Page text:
How To Plan for Future Field Trips
Field trips will look a little different in the wake of the COVID-19 pandemic. Here’s how to plan accordingly for future field trip excursions.
When field trips safely resume, they’ll most likely look much different than what students and teachers were used to. To accommodate safety and health risks, the usual packed buses and crowded locations will be a thing of the past.
Here’s how to plan for future field trips post-pandemic.
Visit Outdoor Niche Locations
Museums are great educational resources, but they’re often crowded and not great for keeping germs at bay. For this reason, future trips should be planned in more niche locations. Instead of visiting a museum to learn about wildlife, take a trip to a nearby forest preserve and hold a class on wildlife.
While the students won’t get to see exotic species as they would in a zoo or museum, they will get to learn in a fun and different environment.
Make Transportation Changes
Piling all your students into one bus most likely won’t be the best option for field trip transportation either. Splitting into smaller groups for students to spread out will be a necessity for future field trips.
Traveling to destinations may take more time as well. Plan for your field trips to take a little longer than you have planned due to extra time for sanitizing hands and bus seats.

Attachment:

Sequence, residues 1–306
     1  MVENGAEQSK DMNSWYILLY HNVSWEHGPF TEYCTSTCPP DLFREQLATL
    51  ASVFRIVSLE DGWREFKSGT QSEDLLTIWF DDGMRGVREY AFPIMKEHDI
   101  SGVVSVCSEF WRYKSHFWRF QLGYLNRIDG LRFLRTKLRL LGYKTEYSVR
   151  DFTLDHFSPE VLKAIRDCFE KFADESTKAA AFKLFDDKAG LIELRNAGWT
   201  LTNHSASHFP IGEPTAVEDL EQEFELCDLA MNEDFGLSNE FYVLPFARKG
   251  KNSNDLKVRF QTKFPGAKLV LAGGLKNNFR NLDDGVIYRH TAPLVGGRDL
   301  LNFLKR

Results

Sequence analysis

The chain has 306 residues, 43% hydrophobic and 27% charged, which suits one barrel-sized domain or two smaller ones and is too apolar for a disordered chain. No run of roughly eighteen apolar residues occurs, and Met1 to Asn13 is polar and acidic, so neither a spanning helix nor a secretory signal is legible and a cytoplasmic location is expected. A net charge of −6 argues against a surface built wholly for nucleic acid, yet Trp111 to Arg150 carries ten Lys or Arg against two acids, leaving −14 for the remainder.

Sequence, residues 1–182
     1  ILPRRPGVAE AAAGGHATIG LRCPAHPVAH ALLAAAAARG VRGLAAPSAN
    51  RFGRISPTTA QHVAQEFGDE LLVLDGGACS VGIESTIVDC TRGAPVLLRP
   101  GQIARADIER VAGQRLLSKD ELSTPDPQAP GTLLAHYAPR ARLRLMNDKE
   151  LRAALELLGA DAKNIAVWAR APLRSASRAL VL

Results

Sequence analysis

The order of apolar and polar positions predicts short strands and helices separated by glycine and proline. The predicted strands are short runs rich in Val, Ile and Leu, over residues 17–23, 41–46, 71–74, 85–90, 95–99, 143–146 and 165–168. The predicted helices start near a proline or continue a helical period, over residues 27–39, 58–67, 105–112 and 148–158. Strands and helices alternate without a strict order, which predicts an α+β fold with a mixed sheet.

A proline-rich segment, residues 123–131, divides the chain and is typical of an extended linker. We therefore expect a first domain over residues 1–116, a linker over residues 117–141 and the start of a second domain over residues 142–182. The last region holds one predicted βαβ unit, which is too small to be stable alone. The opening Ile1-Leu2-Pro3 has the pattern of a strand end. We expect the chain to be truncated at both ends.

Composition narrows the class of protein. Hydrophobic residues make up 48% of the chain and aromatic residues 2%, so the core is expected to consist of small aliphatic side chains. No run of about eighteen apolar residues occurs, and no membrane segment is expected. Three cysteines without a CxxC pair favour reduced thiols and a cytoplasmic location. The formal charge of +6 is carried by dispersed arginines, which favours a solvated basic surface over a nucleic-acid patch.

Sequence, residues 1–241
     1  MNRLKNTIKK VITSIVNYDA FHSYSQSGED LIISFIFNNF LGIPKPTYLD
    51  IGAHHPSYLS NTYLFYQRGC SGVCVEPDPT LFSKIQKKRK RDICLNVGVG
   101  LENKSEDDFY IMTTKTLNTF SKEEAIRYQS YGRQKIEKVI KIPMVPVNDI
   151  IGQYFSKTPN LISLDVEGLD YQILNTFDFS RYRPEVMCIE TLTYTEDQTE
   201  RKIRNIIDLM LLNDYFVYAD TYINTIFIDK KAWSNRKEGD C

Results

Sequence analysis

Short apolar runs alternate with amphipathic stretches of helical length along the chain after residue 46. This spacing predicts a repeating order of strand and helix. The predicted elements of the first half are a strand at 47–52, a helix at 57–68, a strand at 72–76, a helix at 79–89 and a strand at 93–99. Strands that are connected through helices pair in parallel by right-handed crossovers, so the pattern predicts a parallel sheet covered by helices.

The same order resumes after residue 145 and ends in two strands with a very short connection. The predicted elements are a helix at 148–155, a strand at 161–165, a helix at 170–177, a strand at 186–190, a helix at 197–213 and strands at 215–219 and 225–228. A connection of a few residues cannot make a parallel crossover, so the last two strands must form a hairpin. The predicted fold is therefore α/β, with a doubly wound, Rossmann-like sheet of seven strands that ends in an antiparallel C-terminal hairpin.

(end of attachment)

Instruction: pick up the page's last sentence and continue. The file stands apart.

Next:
COVID-19 also slowed down many road projects this year. Depending on the time of year your class intends to travel, you may run into more road construction due to these delays. Plan for extra travel time for safely driving through the inevitable construction zones.
Minimize Class and School-Wide Trips
Often, taking trips in large groups makes the most sense for student field trips. There is an increased number of chaperones available, less time taken away from classroom learning, and reduced costs for bigger groups. However, it may be best to say goodbye to these trips for safety reasons. Splitting classes into smaller groups can help keep the proper distancing and safety measures we’ve become accustomed to.
Minimizing trips to overcrowded locations, expanding transportation needs, and splitting large classes up into small field trip groups are a few ways to plan for future field trips.